An additional way to address Don’s problem of accidentally striking untargeted keys is the option of delayed acceptance. With delayed acceptance the key must be pressed for a certain amount of time before it produces any output. This prevents haphazard striking from having an effect, and error can be avoided. You can modify the amount of time delay. We would suggest starting at a minimal level of delay until the optimal level of performance is achieved.
A possible disadvantage to delayed acceptance, is that it delays the reaction time of each key pressed thereby slowing down the typing speed. Typing speed is a significant factor to consider with Don, since his purpose for therapy was to increase his typing abilities. However, if the disruption of constantly correcting mistakes due to accidental keystrokes is great, the overall typing speed may increase by preventing errors before they occur. This may be the case with Don and therefore we would recommend this option. Furthermore, most delayed acceptance adaptations are software; making it inexpensive, easily operated and deactivated. Delayed acceptance, under the name "slow keys", comes included in Macintosh and Windows 95.
Sticky keys is another option which addresses the problem of simultaneously pressing two keys. For example pressing shift, releasing it and then pressing another key would have the same effect as pressing both keys together.
Another technology we considered is word prediction. As the client begins typing, with each letter the word predictor presents a list of words that start with the letters he has typed. When the client spots his intended word, he clicks on it and it will appear on his document. With each new letter the client types, new words are displayed until the word appears on the list or is completed by the client. While the purpose of word prediction is to increase typing speed, it usually does the opposite. In addition many clients find it irritating to constantly have to glance at the prediction list and look away from where their attention is focused. For these very reasons we would not suggest this adaptation for our client. Unless he fatigues, in which case this option may increase productivity.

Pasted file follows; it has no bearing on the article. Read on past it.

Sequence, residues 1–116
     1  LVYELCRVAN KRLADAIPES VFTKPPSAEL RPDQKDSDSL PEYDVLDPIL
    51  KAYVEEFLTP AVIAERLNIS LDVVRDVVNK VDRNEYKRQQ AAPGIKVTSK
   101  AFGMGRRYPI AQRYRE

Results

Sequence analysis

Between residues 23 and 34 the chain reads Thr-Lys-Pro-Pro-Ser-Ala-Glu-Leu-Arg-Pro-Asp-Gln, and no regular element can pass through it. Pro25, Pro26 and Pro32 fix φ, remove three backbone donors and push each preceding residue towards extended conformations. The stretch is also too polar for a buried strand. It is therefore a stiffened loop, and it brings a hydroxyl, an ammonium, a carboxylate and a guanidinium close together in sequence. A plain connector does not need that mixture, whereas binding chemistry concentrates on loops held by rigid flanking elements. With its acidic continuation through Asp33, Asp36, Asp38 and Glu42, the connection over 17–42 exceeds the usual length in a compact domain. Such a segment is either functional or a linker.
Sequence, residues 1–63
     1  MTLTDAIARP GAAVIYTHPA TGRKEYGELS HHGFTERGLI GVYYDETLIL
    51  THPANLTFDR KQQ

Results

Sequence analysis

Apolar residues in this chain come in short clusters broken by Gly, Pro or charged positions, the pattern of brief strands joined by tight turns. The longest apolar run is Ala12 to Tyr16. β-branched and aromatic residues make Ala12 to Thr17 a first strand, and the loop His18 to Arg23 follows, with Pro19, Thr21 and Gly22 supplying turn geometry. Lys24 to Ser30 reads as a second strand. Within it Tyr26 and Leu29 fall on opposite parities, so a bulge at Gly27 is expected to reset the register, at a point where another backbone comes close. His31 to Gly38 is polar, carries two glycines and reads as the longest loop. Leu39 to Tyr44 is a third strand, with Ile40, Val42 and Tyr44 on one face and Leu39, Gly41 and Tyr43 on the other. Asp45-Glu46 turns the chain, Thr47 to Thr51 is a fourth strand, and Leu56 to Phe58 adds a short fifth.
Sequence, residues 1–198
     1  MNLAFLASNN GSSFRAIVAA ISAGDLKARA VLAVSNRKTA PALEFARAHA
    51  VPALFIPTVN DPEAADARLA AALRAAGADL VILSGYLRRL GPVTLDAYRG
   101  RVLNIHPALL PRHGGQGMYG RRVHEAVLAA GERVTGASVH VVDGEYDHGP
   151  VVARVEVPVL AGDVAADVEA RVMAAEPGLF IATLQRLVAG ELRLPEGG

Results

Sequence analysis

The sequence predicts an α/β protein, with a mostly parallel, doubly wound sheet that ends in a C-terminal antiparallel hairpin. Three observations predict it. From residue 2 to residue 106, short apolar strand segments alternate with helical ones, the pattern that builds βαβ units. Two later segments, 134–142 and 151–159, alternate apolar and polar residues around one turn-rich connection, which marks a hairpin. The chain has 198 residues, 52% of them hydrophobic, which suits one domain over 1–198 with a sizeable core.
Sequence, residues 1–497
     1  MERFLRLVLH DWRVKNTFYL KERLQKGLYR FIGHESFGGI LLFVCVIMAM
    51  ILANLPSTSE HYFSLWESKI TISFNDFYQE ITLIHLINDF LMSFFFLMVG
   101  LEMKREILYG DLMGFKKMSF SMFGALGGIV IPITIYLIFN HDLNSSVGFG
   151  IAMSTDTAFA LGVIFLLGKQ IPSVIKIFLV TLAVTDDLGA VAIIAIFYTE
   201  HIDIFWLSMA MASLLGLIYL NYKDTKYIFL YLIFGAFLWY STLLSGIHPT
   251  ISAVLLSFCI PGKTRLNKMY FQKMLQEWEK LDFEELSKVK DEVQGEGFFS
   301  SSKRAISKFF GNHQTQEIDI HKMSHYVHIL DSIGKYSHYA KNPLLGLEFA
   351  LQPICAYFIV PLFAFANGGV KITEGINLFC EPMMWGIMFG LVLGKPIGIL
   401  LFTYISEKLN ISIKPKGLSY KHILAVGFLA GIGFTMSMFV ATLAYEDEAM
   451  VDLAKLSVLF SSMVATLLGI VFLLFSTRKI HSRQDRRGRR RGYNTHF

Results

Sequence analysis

Abbreviation expansion is an assistive technology device, which aids in increasing typing speed. It allows the user to assign an abbreviation to a longer phrase. When the user types the abbreviation, the phrase appears on the screen. One can create their own abbreviations, based on frequent words or phrases that they use. This would be very useful for Don. He could customize the abbreviations according to his writing style. Abbreviations are only recognized when spaced by themselves, and not when they are found in the middle of a word. In order to benefit from this, the user must have cognitive capabilities, as is the case with Don.
Another option considered for Don is Morse code. Morse code uses a combination of dots and dashes as a code for alphabet and punctuation. Simply using one switch or two switches, the user is able to fully communicate with minimal motor function. A purpose for using two switches rather than one is to separate the two signals in case the client has trouble releasing the switch at the appropriate time. (To separate dots and dashes). Using large jellybean switches will make it easier for Don to press. The cost of Morse code ranges up to 800 dollars (DADA Entry). One advantage of morse code is speed. For a person with motor difficulties this system provides an optimal speed. Another advantage is that the Morse code can become automatic with increased usage. A disadvantage to Morse code is that it has to be learned and the user has to be trained. Someone with learning problems may have difficulty. Being that our client has motor problems and not learning, this will not be a problem. The speed of typing is essential for his occupation and training may be a worthwhile investment.
In conclusion, After comparing and considering our two options of expanded keyboard versus Morse code, we concluded that an expanded keyboard would be the best access method for Don. Since the expanded keyboard (Apple II+ and IIE) addresses Don’s limitations we did not find it necessary to go through the required training for Morse code. However if expanded keyboard did not work, Morse code could be used.
We searched many websites and journals for a published reference on expanded keyboards, but to no avail. We did, however, find an article on Morse code and its prevalence in assistive technology today.